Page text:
Last week, Wisconsin health officials unveiled a Medicaid reform plan that “would tighten eligibility requirements” and lead to thousands of residents to either lose access to the state’s Medicaid program or receive reduced coverage. Health Secretary Dennis Smith attributed the proposed cuts to “rising costs driven by an explosion in Medicaid participation in the past two decades and dwindling federal funding” and promptly asked the Obama administration for help.
As part of its reform package, Wisconsin submitted two waiver requests to the federal government that would allow the state to push some families with an offer of employer coverage off the rolls and require “young adults between the ages of 19 and 26 to join their parents’ insurance plans”:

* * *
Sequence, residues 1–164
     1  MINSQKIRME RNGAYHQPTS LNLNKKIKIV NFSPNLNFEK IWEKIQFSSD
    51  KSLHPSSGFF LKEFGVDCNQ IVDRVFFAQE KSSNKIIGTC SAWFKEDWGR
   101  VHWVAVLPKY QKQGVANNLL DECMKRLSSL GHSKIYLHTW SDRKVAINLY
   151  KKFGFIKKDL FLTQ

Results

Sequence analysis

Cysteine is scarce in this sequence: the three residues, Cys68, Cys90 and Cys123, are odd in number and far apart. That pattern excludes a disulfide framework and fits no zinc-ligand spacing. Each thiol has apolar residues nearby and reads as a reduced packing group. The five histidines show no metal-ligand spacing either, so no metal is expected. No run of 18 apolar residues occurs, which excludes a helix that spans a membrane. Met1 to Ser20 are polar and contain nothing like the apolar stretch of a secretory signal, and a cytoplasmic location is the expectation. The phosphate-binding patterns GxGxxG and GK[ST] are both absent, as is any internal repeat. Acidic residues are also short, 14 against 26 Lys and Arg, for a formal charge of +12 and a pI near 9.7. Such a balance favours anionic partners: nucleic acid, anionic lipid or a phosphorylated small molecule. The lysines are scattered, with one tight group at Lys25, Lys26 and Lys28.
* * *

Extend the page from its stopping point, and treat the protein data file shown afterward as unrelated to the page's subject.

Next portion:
If the federal government doesn’t grant the waiver before the end of the year, the state budget would bar adults who make more than 133 percent of the federal poverty level, or $24,645 for a family of three, from participating in BadgerCare Plus Core and BadgerCare Plus, which makes all uninsured children eligible for Medicaid. That would push 53,161 people out of both programs, according to DHS documents. The cutoff now is 200 percent of the poverty level, or $37,060 for a family of three.
Of course, young adults are only be able to join their parents’ policies thanks to a provision in the Affordable Care Act, which the state is challenging in court and has undermined at every turn. Now, Wisconsin officials are seeking to take advantage of the law in order to soften the cuts to their Medicaid program.
If they look deeper into the measure — and move beyond their rhetoric about government takeover and one-size-fits-all — they may even discover that they can solve their “dwindling federal funding” problem by accepting health reform’s grants and the additional dollars that will come with Medicaid expansion.